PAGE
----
Also like the Capitol Hill interviews of Mr Trump Jr and Mr Manafort – which will be held sometime before August 2 – Mr Kushner will be quizzed in private and he will not be under oath.

He will speak to members of the House Intelligence Committee tomorrow (Tuesday), with the same ground rules.

Members of Congress will want to know:

  • Exactly what was said at the meeting.

  • Whether any documents were handed over and, if so, what they were.

  • How much the participants knew of any Russian government involvement.

  • If Donald Trump was aware of the meeting.

As well as the Clinton ‘dirty tricks’ meeting, Mr Kushner is likely to be asked about a Washington Post report that he tried to set up a secret back channel as a way of communicating with Moscow.

The lawmakers will almost certainly also quiz Mr Kushner about his December 2016 meeting with Sergey Gorkov, a close friend of Russian President Vladimir Putin and head of the Vnesheconombank, which faced US sanctions after Russia’s annexation of Crimea.

Congressman Adam Schiff, the senior Democrat on the House committee, said there will be ‘ a lot of ground to cover.’

‘There’s a lot we want to know,’ he said on CBS’s ‘Face the Nation.’ ‘We certainly want to know about several of the meetings that have been alleged to have taken place. Obviously the meeting with Donald Jr. and the several Russians that we now know were in that meeting.’

Mr Kushner’s lawyer Abbe Lowell said his client will do his best to help put ‘this matter to rest.’

‘As Mr. Kushner has been saying since March, he has been and is prepared to voluntarily cooperate and provide whatever information he has on the investigations to Congress,’ he said in a statement.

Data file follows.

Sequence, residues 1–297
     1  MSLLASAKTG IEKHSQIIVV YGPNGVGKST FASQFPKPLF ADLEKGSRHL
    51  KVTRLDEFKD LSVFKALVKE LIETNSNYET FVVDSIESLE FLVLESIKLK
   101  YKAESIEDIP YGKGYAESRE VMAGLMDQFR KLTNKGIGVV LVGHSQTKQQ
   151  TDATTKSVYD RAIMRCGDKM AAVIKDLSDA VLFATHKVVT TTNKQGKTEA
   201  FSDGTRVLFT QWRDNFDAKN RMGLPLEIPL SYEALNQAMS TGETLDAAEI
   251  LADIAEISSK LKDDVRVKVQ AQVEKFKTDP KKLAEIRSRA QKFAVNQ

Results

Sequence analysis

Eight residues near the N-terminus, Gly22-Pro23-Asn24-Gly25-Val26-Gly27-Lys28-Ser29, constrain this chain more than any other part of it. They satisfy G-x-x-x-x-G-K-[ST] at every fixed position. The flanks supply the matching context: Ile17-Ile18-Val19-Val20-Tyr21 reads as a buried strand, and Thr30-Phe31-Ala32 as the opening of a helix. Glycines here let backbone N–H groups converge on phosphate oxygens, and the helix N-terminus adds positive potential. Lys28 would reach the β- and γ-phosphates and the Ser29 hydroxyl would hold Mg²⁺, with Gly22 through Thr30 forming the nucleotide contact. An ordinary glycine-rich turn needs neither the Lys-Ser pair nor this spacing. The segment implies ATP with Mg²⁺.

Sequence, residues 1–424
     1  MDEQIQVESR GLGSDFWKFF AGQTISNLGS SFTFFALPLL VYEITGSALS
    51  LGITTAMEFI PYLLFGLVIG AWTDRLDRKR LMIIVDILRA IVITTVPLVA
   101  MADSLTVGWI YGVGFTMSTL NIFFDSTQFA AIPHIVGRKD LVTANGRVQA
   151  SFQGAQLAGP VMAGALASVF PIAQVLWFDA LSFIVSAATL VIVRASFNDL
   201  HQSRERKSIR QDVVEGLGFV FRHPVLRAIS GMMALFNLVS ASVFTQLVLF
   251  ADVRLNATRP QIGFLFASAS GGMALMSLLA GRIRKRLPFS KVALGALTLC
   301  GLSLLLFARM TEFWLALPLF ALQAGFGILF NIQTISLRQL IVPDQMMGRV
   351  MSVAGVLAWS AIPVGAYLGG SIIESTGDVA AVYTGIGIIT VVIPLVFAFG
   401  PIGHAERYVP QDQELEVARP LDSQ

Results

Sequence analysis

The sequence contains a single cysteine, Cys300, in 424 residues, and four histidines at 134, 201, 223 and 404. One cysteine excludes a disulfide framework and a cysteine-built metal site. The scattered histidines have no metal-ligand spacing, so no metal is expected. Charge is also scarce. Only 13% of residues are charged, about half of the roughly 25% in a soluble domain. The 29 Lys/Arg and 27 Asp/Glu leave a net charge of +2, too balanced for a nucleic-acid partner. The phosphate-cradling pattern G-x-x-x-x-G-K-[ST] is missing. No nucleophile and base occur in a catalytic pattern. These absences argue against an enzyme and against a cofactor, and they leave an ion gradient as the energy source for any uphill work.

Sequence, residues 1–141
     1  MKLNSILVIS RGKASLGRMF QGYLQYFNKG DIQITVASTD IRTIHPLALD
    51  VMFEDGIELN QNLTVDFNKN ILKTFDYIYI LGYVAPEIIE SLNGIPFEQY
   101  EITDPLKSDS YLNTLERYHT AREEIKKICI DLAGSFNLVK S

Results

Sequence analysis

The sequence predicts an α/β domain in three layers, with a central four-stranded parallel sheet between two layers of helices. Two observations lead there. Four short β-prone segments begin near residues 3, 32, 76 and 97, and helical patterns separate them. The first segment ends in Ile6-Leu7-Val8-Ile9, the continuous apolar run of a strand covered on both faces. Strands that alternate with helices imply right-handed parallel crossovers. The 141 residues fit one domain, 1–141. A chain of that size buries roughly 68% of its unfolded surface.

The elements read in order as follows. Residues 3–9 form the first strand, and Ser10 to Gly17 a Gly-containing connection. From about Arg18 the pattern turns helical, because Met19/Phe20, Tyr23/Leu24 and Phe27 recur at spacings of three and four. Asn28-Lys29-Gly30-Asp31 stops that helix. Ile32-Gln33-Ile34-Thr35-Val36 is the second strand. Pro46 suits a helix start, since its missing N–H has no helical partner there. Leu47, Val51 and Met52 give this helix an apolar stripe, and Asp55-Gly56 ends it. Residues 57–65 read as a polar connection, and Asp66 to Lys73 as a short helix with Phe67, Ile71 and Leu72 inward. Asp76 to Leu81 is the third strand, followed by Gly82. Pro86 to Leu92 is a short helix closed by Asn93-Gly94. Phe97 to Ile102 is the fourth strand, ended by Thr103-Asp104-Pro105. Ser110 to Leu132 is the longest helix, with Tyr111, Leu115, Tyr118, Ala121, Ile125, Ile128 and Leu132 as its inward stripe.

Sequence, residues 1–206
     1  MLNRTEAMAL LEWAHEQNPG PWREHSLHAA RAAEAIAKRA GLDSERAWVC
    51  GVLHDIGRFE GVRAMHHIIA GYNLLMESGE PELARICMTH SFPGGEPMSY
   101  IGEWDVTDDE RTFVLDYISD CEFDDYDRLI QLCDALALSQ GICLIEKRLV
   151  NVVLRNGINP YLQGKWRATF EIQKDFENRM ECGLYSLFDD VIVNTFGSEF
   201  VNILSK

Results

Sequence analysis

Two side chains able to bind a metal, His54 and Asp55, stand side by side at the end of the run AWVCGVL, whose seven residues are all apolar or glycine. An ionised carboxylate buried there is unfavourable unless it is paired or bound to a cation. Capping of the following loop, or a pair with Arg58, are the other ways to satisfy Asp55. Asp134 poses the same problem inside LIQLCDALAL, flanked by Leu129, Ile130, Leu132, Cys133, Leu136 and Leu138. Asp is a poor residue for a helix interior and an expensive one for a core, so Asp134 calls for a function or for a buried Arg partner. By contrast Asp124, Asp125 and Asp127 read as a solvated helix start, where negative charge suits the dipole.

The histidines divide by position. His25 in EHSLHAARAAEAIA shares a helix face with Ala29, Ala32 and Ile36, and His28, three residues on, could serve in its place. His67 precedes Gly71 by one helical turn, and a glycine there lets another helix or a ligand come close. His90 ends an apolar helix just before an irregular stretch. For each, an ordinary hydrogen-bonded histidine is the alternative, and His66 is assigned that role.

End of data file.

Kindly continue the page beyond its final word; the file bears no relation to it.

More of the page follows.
The June 9 meeting is not the only avenue investigators are exploring.

Senator Franken wants Attorney General Jeff Sessions to come back and testify before his committee after a report alleging that he spoke to Russian Ambassador Sergey Kislyak about the Trump campaign during the 2016 election.

Mr. Sessions testified earlier this year that he didn’t speak with Russian officials about the campaign.

The Senate Judiciary Committee has also issued a subpoena for Glenn Simpson, the co-founder of Fusion GPS, the political firm that employed a former British spy to compile a dossier of unverified information for Mr Trump’s political opponents about his past trips to Moscow, after he refused to testify voluntarily.

Senators Grassley and Feinstein said in a statement: ‘Glenn Simpson, through his attorney, has declined to voluntarily attend Wednesday’s Judiciary Committee hearing regarding compliance with the Foreign Agents Registration Act. Therefore, a subpoena has been issued to compel his attendance. 

‘Simpson’s attorney has asserted that his client will invoke his Fifth Amendment rights in response to the subpoena.’

Mr Schiff said yesterday that the president is ‘clearly worried’ about the scope of the investigation by Robert Mueller, the special counsel appointed to oversee the FBI probe into possible ties with Russia, and was disturbed by Mr Trump’s criticism of his Attorney General Jess Sessions’ decision to recuse himself from the Russia investigation.

‘It does concern me that the president should bring this up now if it’s an indication that he wants to somehow push Sessions out and get in a new attorney general who would then take Rod Rosenstein’s place as supervising the Mueller investigation,’ said the senator, referring to the deputy attorney general who appointed Mr Mueller as special counsel. 

He added: ‘If this is part of a longer-term stratagem to define or confine the scope of the Mueller investigation, that would be very concerning.’

Mr Schiff claimed that inconsistencies in the versions given by members of Mr Trump’s inner circle are ‘part of a pattern.’

‘If the members of the Trump team were honest, and transparent, and forthcoming about these things, it would raise a lot less questions. But, of course, that has not been the case,’ he added.